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Do you dig deep inside Instagram? Harass your friends for advice?  Tick off an endless bucket list?

Sometimes, inspiration for your next big trip can take the form of a single photo. Or getting back surprising 23andMe results and thinking, “Hey, why don’t I go to my homeland?!” There are so many ways to decide where to go and what to do — even if you don’t want to fall down the Google rabbit hole for hours. Here are the best ways to figure out where to disperse all those extra points and miles in 2018 — with extra wisdom from our TPG Lounge on Facebook.

1. See where your points can take you

This one might seem obvious to TPG diehards, but it’s also the most important! 

Michael A. scopes out TPG for ideas, then says, “I determine feasibility by seeing United and Hilton award availability. If everything aligns, I book!”

2. Follow sites with advice and keep a running list

You’re already on TPG (yay!) and we’re happy to highlight everything from destinations to hit to restaurants to try. Consistently following a few sites will make you aware of trending places (if that’s your thing), even if you’re not planning a trip for the immediate future. Try keeping a running list of places you hear about that you want to go. If you find yourself with extra time on your hands because (god forbid) you’re suddenly laid off or uncover a few extra vacation days, you won’t have to waste time researching where to go. You’ll already know.

3. Ask the most well-traveled people you know

Instead of swiping past their gorgeous photos on Instagram and cursing them under your breath, turn all that useless envy into action — ask other people for advice. Instagram influencers sometimes respond to every comment (all the better to grow their follow count) or will chat over direct message, so if you have a specific question and want their advice, don’t be shy.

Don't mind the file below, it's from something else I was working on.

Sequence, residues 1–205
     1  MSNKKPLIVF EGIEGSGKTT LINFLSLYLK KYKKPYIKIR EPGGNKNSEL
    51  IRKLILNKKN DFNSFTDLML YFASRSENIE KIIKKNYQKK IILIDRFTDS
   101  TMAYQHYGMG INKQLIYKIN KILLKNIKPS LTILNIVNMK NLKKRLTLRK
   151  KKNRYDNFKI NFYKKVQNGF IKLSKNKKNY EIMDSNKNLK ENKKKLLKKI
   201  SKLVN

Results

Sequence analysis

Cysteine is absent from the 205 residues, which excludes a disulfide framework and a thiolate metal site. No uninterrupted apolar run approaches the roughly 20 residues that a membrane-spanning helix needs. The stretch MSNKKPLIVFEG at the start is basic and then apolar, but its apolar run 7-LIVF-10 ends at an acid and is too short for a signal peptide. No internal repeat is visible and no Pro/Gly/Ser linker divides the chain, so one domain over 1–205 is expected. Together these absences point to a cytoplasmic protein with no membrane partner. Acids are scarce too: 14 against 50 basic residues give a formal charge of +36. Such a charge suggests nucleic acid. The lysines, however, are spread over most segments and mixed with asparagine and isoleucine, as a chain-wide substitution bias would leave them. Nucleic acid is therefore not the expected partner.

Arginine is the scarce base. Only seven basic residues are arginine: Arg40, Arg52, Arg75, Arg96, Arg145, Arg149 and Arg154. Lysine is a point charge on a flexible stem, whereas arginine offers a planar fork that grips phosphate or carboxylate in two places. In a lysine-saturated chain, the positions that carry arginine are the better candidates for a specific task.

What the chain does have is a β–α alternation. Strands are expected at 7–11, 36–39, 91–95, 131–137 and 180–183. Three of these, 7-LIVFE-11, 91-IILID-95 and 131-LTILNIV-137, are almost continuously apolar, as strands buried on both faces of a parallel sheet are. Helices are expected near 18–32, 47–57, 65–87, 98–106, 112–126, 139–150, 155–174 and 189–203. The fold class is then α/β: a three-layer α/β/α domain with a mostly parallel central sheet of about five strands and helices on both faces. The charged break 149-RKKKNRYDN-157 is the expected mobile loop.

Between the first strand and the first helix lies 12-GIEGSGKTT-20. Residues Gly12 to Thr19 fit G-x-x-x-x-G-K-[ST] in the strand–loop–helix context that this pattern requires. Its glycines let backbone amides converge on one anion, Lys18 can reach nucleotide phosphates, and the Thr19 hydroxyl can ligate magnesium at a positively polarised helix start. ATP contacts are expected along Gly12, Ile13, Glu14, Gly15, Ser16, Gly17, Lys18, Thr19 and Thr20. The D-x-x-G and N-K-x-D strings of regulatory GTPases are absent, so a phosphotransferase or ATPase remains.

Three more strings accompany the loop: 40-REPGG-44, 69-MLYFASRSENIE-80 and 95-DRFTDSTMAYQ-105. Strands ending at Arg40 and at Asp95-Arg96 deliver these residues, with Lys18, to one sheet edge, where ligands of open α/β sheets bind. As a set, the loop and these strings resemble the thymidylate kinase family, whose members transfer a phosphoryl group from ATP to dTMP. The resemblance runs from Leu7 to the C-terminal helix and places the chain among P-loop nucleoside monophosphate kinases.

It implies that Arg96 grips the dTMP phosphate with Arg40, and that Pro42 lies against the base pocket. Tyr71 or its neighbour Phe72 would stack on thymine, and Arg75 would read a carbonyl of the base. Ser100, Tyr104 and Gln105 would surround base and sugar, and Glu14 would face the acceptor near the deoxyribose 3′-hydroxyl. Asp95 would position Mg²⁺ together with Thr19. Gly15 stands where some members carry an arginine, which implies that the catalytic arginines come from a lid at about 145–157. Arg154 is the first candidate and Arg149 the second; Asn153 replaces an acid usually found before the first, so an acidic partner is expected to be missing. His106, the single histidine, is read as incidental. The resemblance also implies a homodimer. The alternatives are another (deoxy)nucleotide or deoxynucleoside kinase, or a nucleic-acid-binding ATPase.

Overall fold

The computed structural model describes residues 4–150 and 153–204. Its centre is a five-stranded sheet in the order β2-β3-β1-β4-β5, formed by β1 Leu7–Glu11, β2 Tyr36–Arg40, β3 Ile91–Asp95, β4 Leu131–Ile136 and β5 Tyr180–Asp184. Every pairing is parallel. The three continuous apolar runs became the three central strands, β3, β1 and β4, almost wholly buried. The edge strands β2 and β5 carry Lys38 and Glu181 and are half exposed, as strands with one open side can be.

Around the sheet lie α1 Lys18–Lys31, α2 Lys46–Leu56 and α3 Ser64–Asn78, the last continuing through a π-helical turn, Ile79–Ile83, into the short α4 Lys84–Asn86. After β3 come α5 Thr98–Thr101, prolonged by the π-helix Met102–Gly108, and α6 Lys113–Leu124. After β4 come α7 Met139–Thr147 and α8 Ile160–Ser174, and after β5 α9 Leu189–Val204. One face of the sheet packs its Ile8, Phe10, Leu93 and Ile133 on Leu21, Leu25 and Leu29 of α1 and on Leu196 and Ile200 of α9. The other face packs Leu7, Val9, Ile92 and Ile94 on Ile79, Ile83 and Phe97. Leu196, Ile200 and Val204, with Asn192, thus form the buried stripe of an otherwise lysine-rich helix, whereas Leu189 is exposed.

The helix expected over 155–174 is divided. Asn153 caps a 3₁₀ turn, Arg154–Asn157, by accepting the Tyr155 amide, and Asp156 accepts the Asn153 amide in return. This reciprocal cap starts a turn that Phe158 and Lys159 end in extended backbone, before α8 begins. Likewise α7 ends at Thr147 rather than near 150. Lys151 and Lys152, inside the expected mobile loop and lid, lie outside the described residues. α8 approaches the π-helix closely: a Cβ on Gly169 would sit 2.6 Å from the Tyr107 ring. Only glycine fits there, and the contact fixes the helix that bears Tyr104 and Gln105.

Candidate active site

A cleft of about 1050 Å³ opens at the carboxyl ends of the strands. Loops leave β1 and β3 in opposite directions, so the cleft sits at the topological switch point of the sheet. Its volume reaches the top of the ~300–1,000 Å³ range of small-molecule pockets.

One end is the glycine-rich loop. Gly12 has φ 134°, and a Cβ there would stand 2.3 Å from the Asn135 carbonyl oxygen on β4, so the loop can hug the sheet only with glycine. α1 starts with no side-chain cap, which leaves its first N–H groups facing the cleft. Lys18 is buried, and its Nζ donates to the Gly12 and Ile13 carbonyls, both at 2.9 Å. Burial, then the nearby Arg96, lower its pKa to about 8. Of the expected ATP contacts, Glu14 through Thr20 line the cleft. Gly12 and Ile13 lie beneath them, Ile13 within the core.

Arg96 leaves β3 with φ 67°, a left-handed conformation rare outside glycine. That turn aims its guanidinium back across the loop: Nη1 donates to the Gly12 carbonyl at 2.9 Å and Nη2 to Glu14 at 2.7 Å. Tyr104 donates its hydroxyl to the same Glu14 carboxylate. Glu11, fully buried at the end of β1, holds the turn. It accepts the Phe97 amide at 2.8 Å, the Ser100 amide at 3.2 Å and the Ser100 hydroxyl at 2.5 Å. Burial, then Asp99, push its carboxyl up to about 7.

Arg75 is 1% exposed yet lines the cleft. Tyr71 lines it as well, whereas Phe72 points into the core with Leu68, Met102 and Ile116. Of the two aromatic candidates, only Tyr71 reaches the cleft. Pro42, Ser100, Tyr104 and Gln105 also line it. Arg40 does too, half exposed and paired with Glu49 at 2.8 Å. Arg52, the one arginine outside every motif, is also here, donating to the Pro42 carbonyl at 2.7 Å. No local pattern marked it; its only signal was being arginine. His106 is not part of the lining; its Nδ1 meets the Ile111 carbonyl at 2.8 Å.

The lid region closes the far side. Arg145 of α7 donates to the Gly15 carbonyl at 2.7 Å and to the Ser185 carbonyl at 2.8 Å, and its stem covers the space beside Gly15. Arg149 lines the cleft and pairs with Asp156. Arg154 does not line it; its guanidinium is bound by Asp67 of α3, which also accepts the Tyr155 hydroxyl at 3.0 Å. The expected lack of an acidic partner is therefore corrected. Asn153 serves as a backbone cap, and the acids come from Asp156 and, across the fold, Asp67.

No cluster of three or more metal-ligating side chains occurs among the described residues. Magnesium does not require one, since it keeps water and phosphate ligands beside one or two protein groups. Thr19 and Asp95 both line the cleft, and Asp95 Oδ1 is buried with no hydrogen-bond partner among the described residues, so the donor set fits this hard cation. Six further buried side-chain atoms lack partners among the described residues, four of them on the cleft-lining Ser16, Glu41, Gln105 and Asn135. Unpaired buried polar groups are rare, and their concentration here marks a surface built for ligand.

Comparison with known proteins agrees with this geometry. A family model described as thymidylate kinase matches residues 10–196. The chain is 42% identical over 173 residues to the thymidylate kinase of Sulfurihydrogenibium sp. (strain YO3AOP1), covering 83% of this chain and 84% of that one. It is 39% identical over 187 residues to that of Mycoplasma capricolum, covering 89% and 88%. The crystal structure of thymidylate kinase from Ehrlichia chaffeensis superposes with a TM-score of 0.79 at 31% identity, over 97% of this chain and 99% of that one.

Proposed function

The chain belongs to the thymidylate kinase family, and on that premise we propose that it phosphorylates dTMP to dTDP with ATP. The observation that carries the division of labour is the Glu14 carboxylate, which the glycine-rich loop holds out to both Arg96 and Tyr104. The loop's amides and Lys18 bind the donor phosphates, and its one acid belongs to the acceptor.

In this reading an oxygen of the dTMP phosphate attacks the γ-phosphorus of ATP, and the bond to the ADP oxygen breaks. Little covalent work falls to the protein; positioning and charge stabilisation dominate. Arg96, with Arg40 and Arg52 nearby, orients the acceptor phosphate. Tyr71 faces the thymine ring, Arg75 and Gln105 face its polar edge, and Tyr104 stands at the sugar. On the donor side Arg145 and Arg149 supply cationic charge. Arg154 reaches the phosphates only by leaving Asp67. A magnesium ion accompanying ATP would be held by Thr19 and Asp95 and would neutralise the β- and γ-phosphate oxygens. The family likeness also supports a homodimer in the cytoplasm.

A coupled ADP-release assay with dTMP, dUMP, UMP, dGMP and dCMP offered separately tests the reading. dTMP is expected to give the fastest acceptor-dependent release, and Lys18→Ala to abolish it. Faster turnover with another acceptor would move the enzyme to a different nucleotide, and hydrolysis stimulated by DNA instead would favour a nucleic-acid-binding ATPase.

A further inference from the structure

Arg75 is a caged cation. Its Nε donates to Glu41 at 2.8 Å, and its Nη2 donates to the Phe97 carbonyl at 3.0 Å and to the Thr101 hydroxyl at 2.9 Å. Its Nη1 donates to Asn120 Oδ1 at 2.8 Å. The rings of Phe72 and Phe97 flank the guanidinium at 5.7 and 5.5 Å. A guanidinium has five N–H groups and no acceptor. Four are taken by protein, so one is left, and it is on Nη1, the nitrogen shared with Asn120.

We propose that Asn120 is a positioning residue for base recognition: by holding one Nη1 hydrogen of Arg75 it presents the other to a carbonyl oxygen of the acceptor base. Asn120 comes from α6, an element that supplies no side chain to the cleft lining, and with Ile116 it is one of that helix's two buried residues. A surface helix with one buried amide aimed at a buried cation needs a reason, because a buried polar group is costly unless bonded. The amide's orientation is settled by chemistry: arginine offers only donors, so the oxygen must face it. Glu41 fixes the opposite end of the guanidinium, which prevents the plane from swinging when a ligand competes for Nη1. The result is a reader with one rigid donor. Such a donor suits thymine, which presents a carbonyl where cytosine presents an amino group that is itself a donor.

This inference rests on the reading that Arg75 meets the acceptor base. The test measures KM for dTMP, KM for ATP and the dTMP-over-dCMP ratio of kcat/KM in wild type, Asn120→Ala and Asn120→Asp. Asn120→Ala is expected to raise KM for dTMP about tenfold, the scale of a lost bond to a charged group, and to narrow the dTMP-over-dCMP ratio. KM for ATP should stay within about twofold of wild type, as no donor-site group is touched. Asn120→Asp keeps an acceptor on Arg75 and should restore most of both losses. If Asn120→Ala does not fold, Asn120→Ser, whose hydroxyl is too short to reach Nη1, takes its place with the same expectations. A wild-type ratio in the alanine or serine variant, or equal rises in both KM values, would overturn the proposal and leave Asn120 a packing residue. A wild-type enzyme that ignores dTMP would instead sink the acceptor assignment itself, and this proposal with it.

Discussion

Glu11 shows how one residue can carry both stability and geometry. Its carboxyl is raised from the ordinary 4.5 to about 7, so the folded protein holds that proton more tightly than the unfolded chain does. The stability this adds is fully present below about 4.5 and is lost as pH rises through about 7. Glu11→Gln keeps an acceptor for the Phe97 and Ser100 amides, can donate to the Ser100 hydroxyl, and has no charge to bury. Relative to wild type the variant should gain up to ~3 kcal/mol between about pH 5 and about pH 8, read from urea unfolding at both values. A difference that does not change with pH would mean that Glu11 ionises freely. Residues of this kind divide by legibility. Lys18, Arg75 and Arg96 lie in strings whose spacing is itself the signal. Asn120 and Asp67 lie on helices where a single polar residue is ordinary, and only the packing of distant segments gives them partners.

4. Pick an event to attend (not a destination)

Food bashes, film and music festivals, or TED-style conferences can inspire trips to far-flung places. One added bonus? You won’t have to decide what to do when you get there — that part’s all planned. 

Take some advice from Kevin W.: “I usually follow the music festivals! When I went to Croatia last year, I had no thoughts about going there until I decided to go to Ultra Europe.”

Or Grant G.: “Most of my travels are domestic, but I plan my trips around concerts and music festivals, and always add a day or so to explore whatever city I’m in.”

(Photo by Andrew Ruiz on Unsplash)
(Photo by Andrew Ruiz on Unsplash)

5. Do something sporty

If you don’t want to bask in the sun at Coachella, why not bask in the sun during 13.1 miles? There are half marathons, marathons, and cycling tours all across the country. Tracy Y. packs her best shoes: “One of the most fun forms of inspiration I use is the Rock n Roll Marathon and Half Marathon site. I go to cities I haven’t been before for a 4-day weekend and walk a half marathon. It’s a fun way to take a walking tour of a new city (if you don’t mind walking 13.1 miles).”

6. Look at flight deals first

Most people think in reverse — they pick a destination, then find a flight. But if you keep an eye on non-stop flight deals and alerts, you can snag tickets to a place you had never even dreamed of visiting. Says Jan T.: “Some places wouldn’t have crossed my mind until I’m surfing a travel site and see airfare and five nights at a killer all Inclusive and go “Hey, ever heard of Akumal? I guess we’re going there next.”

7. Tap into Google Flights

Or skip the flight deal middleman and go straight to the G-man. Yogi S. had great advice if your budget and flexibility take priority: “I go on Google Flights, type in the start location, what I can afford and search for all possible locations. I do this about once a week and depending on when I can get off work, I search again and book flights. Every week I find new inspirations for my future visits.”

8. Corral your friends

If your own ideas are feeling a little stale, tap into the collective hive mind of your friends and encourage each other to book a flight deal ASAP.